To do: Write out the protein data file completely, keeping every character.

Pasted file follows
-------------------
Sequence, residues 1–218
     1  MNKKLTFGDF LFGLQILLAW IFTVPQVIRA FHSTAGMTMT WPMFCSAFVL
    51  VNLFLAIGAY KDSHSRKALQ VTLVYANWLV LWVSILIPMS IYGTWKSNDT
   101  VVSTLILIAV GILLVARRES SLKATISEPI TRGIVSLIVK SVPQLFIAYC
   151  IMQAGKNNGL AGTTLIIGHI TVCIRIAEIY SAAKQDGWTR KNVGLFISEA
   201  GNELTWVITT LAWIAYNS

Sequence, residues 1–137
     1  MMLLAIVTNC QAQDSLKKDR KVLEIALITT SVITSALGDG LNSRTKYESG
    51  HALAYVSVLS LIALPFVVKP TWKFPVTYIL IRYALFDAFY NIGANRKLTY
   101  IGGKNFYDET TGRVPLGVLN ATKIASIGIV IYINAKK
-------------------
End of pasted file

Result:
Sequence, residues 1–218
     1  MNKKLTFGDF LFGLQILLAW IFTVPQVIRA FHSTAGMTMT WPMFCSAFVL
    51  VNLFLAIGAY KDSHSRKALQ VTLVYANWLV LWVSILIPMS IYGTWKSNDT
   101  VVSTLILIAV GILLVARRES SLKATISEPI TRGIVSLIVK SVPQLFIAYC
   151  IMQAGKNNGL AGTTLIIGHI TVCIRIAEIY SAAKQDGWTR KNVGLFISEA
   201  GNELTWVITT LAWIAYNS

Sequence, residues 1–137
     1  MMLLAIVTNC QAQDSLKKDR KVLEIALITT SVITSALGDG LNSRTKYESG
    51  HALAYVSVLS LIALPFVVKP TWKFPVTYIL IRYALFDAFY NIGANRKLTY
   101  IGGKNFYDET TGRVPLGVLN ATKIASIGIV IYINAKK